It’s been a month but my ears are still ringing from the roaring F1 engines as they sped through Singapore’s night F1 Grand Prix circuit, the epic performances by legendary Queen and Adam Lambert, Imagine Dragons, Bastille, and Halsey, and raucous nights partying at the Podium Lounge. Although most of the fanfare has always been reserved for the cars, the speed demons behind the pedal and the race queens the entertainment itself deserves center stage. This year a different Queen was in spotlight. Anthemic stadium rock veterans, Brian May and Rodger Taylor laid down all the indispensable favourites, taking up a better part of the night and morning. The city was in the grips of the haunting melodies of “The Show Must Go On”, “Seven Seas of Rhye”, amongst other memorable tunes that reverberated off the walls of every building in the Marina bay area, building up a haunting soundstage that evoked (and quite possibly invoked as well) the presence of Freddie Mercury himself.
Brian May’s signature “red special” guitar and the Wall of Vox amps – a legendary combination that underpinned all compositions by the band since their inception in the 1970s – brought life to the stage at the Padang and beyond. The crowds, young and old, thronged together as one in a mess of sweaty flesh, dancing when spaces opened up between people, singing in sync on another when there was none. The sense of unity between generations a good 30 or more years apart stood as a testament to the confluence of musical talents embodied by the Queen brand name.
Generally thought to be a young upstart, Adam Lambert proved that he had enough swagger to front the band if not the same distinctive vocals that classic Queen is known for. An admirable performance, took the crew through a marathon 23 songs and the UK anthem, ” God Save the Queen”, to the delight of old and new fans alike. The depth and commanding power in Mr. Mercury’s vocals was, at one point, conjured up digitally on the colossal screens – where as a sign of deference, Adam Lambert made himself scarce.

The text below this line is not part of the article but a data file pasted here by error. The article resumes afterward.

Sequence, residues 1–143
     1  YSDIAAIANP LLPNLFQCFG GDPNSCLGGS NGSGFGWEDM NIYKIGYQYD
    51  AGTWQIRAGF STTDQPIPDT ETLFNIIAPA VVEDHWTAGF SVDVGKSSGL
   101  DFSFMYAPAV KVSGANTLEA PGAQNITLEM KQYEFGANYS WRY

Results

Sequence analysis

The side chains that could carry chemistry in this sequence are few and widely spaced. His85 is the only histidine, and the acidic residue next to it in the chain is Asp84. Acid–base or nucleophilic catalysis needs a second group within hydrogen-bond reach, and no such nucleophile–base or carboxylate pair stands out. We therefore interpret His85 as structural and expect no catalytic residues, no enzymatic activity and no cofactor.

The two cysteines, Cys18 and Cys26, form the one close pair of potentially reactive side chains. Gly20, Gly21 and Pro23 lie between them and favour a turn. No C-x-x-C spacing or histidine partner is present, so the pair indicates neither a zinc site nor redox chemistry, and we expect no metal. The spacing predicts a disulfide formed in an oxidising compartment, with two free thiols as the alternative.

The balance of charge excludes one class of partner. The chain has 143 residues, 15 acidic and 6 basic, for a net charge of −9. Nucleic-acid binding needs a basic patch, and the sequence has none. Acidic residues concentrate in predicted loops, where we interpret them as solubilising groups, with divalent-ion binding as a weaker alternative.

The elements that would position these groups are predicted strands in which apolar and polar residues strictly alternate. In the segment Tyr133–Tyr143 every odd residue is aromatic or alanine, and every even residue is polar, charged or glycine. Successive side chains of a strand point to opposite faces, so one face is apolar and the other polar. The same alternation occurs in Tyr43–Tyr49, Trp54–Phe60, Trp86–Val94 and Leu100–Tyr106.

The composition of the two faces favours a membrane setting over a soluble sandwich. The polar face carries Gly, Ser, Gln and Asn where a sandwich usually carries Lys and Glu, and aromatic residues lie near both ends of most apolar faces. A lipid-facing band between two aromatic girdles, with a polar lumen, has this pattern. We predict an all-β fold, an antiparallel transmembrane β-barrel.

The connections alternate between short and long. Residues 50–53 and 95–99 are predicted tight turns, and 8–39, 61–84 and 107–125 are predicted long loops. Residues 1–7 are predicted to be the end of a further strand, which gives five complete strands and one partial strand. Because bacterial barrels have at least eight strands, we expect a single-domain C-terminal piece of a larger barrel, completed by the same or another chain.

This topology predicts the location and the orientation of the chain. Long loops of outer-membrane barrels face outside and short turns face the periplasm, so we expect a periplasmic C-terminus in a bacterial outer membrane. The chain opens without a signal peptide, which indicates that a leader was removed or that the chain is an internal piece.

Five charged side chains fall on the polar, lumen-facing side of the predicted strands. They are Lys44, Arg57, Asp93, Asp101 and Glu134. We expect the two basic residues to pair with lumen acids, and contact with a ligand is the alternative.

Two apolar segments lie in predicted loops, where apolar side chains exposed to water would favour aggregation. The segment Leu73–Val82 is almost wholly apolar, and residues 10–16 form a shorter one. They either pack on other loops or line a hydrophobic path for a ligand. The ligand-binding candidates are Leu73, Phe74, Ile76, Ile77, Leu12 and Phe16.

There was no holding down Halsey as she surged onto the stage on the second day. The queen of Badlands, laid on the attitude, unreachable strut and sex appeal from the get go, belting out favourites like “Ghost” and “Gasoline”, although “New Americana” was sorely missed. Although, frequently described as an angry feminist with a disposition made from a molotov cocktail of piss, vinegar and metal shavings, there were no lack of male fans in the crowd. It was evident from the audience reaching out, hands outstretched that this new rising star is one pussy cat that can incite riots.
Imagine Dragons was the real crowd pleaser of the 3rd night. Dan Reynolds and gang really knew how to work up the fans in the pits. The performance was emotionally charged and the man’s stamina held up the entire show. Dan is the consummate performer and one of the rare breed of frontman that has the ability to connect with the crowd as opposed to standing above the masses like a (rock) God.
The 50,000 strong army of concert goers responded with wild screams when so much as an inkling that hits such as “It’s Time”, “Demons” and “I Bet My Life” were going to be played next. The raw lyrics touched the hearts of those in the audience and Dan sang it with such nuance and humility that it sounded like a very genuine and agonising appeal to those in front of him. With cries of “Now don’t you understand / That I’m never changing who I am”, they identified themselves with a generation seeking identity, and in the process building up a stable following.
From running like men possessed, banging on drums, teasing out inspired guitar solos and banging shaggy heads, the pace of the performance was at fever pitch and the energy levels never let up. The Las Vegas Foursome knew that they were the grand finale and gave it all they had.
With one more party to go, the music at the Podium Lounge and Amber Lounge was just starting to get underway. The much-lauded after parties see international and regional celebrities rub shoulders with the F1 drivers and local crowd. Spread over 3 nights, the celebrations were kicked off on Friday by British Superstars Me & Mrs Jones, with pop sensation Sophie Ellis-Bextor on vocals and Richard Jones spinning on the decks. S
Saturday night’s party was helmed by Mark Doyle (the creator of HED KANDI) and the Fierce Angel Collective, while Grammy Award winning singer Estelle held the fort on Race Day, Sunday. Returning for several years in a row the gyrations of the stage dancers and their 4 foot “ring master” kept me enthralled as the danced silhouetted against the purple spotlights.
For more information on the events during the Singapore F1 GP 2016, click here.
Information on the DJ lineup at the Poodium Lounge Singapore 2016, can be found here.
Whet your appetite on the roundup of this year’s revels but, don’t miss out on 2017’s outing if you can!